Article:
You’ve just eaten an entire bag of oreos. To rationalize it, you eat one carrot in hopes that it will cancel out all of the oreos. Mmmm I love oreos. What? Who? Where Am I? Oh! My article. Read on:
I love core exercises and I love doing them every day. In fact, you should do them every single day if you want to remain healthy.
I follow and look at many different popular distance running websites, blogs, and twitter feeds. I must say that I have recently noticed a gaining popularity in great exercises such as the single leg glute bridge, clamshells, and single leg squats. My first thought is “This is awesome! People are finally understanding things!”
While it’s amazing that the running community is starting to understand the importance of hip function as a predictor of any running injury, I do have quite an important critique that seems to get ignored in the running community.
Perhaps it has to do with a certain level of denial? Elephant in the room that no one wants to mention? Well I’m going to mention it here.
If you are a distance runner and your training is a mileage based program, as in you have slow easy mileage as a staple in your program, these strength/core exercises might not only be useless, but contraindicated.
Let me explain with some simple math:
Most elite runners are averaging about 180 steps per minute, so for an easy mile (7 min/mile) that comes out to about 1200 steps per mile.
Think about that – running a 7 minute mile averages to about 1200 steps. That’s 1200 advanced repetitions.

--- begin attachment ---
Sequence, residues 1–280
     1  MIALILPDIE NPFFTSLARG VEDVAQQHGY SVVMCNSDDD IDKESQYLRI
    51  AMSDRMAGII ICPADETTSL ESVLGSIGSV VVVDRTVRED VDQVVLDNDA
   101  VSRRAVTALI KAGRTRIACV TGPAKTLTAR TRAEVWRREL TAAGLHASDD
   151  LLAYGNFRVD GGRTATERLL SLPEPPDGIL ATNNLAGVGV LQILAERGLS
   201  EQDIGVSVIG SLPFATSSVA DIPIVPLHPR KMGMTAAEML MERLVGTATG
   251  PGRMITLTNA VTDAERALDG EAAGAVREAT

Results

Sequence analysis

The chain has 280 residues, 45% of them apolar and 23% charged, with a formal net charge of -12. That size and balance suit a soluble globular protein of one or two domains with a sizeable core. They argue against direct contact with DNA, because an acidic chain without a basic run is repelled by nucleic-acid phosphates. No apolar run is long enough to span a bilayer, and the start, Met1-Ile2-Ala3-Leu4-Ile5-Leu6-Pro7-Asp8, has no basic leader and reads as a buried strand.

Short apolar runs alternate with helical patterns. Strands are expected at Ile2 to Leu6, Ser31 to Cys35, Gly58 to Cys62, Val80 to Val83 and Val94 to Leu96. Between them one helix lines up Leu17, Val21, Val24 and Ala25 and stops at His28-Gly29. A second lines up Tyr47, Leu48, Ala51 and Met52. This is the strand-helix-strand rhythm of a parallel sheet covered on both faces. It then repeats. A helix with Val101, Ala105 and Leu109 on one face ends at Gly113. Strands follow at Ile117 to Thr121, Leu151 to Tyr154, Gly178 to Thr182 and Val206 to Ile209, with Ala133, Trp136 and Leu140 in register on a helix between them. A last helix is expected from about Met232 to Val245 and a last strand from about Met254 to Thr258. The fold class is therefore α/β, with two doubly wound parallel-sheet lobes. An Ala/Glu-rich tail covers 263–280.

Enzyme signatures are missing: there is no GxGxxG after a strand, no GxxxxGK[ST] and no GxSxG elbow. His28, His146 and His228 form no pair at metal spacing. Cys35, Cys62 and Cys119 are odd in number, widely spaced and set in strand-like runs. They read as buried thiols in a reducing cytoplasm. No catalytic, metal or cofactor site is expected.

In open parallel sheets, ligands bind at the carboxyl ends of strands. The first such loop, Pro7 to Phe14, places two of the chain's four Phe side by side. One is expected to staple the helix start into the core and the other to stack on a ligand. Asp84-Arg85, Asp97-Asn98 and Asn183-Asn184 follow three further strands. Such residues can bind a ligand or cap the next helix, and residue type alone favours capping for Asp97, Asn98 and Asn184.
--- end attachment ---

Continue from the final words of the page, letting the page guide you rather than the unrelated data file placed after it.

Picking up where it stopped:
So your body is moving a specific way for 1200 reps in a less than full range of motion at the hips, and now you want to help improve the hip function with some bridging. How many reps of bridging do you really think is going to help change the way your body moves after you’ve done 1200 reps with it already? 1200 bridges to cancel it out? Because 5-10 reps of bridges certainly won’t do it. That’s like eating an entire bag of oreos and…Oh wait I already said this.
Sure – go ahead – try doing 1200 bridges – and that’s only if you run ONE mile every day. Not only can you not do this, but you will most certainly get injured trying.
If you’re constantly getting injured with this mileage based approach, the problem isn’t your lack of strength/core training, it’s your abundance of slow, easy jogging.
Too much volume. THAT’s the problem. I applaud the running community for making people aware of hip dysfunction as a cause of running injuries, but please start addressing the bigger issue here – for it is far more important than what shoes you wear or what kind of strength program you have.
You can’t strength train your way out of a bad running routine.